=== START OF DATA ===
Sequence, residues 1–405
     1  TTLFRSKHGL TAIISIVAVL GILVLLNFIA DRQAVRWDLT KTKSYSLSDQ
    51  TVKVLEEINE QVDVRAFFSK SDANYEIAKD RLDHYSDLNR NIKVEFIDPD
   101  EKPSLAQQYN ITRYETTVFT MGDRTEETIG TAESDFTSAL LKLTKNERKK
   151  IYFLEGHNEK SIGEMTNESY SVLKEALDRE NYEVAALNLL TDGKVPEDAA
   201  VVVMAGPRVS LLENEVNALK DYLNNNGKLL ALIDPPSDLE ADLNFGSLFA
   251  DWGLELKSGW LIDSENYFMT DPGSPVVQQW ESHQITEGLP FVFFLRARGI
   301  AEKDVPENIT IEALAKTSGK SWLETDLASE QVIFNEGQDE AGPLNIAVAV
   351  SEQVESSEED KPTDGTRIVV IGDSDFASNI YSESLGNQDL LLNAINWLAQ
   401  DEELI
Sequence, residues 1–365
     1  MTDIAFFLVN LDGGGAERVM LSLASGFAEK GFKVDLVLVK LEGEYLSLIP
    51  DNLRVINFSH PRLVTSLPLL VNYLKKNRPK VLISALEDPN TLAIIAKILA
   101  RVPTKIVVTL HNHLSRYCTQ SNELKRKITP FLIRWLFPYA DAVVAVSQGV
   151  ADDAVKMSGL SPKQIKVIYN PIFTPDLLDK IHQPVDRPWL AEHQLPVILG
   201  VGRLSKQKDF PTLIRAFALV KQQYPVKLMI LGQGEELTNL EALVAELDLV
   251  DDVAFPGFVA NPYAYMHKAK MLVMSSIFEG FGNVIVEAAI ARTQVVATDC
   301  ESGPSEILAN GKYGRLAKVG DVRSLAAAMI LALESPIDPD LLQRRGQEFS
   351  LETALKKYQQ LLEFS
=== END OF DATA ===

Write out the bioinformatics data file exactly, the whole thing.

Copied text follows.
Sequence, residues 1–405
     1  TTLFRSKHGL TAIISIVAVL GILVLLNFIA DRQAVRWDLT KTKSYSLSDQ
    51  TVKVLEEINE QVDVRAFFSK SDANYEIAKD RLDHYSDLNR NIKVEFIDPD
   101  EKPSLAQQYN ITRYETTVFT MGDRTEETIG TAESDFTSAL LKLTKNERKK
   151  IYFLEGHNEK SIGEMTNESY SVLKEALDRE NYEVAALNLL TDGKVPEDAA
   201  VVVMAGPRVS LLENEVNALK DYLNNNGKLL ALIDPPSDLE ADLNFGSLFA
   251  DWGLELKSGW LIDSENYFMT DPGSPVVQQW ESHQITEGLP FVFFLRARGI
   301  AEKDVPENIT IEALAKTSGK SWLETDLASE QVIFNEGQDE AGPLNIAVAV
   351  SEQVESSEED KPTDGTRIVV IGDSDFASNI YSESLGNQDL LLNAINWLAQ
   401  DEELI
Sequence, residues 1–365
     1  MTDIAFFLVN LDGGGAERVM LSLASGFAEK GFKVDLVLVK LEGEYLSLIP
    51  DNLRVINFSH PRLVTSLPLL VNYLKKNRPK VLISALEDPN TLAIIAKILA
   101  RVPTKIVVTL HNHLSRYCTQ SNELKRKITP FLIRWLFPYA DAVVAVSQGV
   151  ADDAVKMSGL SPKQIKVIYN PIFTPDLLDK IHQPVDRPWL AEHQLPVILG
   201  VGRLSKQKDF PTLIRAFALV KQQYPVKLMI LGQGEELTNL EALVAELDLV
   251  DDVAFPGFVA NPYAYMHKAK MLVMSSIFEG FGNVIVEAAI ARTQVVATDC
   301  ESGPSEILAN GKYGRLAKVG DVRSLAAAMI LALESPIDPD LLQRRGQEFS
   351  LETALKKYQQ LLEFS